Lying is never cute.  It is never acceptable.  We can expect it from young people, but we should encourage open environments, integrity, and love for one another.  Lying is selfish.  The gospel is self-sacrificing.  I challenge all of us, especially myself, to model and teach this to our kids.


Friendship Turnover

I want to say this is a newer rhythm in adolescent life.  Of course, I am still close with many of the friends i made in middle and high school.  However, as I think about it, I only have one close friendship still maintained from 5th grade, a couple from 6th-8th, and a few from high school.  So, am I an outlier, am I misrembering my teenage years, or is this new social media world contributing to friendship turnover?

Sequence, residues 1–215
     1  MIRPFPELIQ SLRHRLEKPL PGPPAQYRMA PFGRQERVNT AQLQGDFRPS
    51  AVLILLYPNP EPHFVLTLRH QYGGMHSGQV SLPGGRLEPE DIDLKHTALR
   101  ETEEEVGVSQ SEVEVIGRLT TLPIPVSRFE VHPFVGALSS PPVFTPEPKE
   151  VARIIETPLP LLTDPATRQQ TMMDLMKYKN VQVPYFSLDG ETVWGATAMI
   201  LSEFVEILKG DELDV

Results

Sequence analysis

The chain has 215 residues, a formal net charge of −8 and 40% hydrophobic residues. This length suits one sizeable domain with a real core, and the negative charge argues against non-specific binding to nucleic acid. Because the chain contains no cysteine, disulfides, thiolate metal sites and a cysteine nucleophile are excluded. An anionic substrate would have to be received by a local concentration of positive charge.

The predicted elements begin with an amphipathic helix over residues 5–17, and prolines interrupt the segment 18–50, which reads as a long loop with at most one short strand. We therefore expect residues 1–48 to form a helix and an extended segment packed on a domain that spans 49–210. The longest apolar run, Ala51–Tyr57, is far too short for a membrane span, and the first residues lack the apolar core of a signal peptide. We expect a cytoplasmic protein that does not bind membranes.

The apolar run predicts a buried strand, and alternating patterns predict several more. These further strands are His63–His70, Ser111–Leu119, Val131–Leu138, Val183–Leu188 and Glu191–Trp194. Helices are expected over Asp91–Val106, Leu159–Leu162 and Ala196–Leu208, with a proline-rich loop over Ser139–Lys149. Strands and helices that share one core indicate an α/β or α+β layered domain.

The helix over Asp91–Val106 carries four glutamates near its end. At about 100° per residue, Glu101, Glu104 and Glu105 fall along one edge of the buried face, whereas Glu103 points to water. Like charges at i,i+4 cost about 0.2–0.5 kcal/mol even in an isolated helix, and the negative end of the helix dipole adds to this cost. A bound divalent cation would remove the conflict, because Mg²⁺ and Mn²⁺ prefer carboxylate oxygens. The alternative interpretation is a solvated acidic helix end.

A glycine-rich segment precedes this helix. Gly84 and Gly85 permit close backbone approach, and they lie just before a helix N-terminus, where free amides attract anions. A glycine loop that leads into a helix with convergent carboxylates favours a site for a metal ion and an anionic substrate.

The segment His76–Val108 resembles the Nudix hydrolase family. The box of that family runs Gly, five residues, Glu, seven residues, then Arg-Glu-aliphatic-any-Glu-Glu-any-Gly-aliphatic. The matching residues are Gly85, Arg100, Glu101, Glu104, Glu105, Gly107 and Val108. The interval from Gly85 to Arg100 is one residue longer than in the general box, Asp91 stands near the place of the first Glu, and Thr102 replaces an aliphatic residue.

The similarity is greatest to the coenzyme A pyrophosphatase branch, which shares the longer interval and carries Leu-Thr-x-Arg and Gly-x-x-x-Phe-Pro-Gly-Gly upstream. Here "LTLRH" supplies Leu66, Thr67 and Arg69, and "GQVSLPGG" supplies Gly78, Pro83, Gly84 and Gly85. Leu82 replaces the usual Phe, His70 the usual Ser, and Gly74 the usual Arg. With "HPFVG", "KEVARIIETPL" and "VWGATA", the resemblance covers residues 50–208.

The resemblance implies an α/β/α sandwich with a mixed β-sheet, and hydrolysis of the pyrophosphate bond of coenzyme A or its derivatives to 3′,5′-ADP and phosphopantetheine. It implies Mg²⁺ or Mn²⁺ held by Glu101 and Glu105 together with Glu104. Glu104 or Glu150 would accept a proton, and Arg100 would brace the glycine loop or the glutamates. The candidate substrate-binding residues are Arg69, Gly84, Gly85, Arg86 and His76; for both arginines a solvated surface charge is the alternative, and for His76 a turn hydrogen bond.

This article speaks about research concerning teenage friendships:

Stability is important.  With the ever changing social landscape of the teenager – in friendships, media, sports – we must find places for stable expectation and experience.  Make your home a place of love and comfort, to provide respite from the crazy world of your teenager.  But most importantly, speak and live the gospel to your teenager.  Show them there is an unchanging God who loves them enough to have come and die for them.  This truth is truly everlasting, stable, and comforting.


Be a Mean Parent

OK, the title of this post is a little misleading.  Don’t take me the wrong way.  I’m not advocating being an ACTUAL mean or bad parent.  However, I know all parents have been accused of being “mean” by their kids.  Example:  Parent – “no, you can’t have ice cream for dinner.”  Child – “you’re so mean!”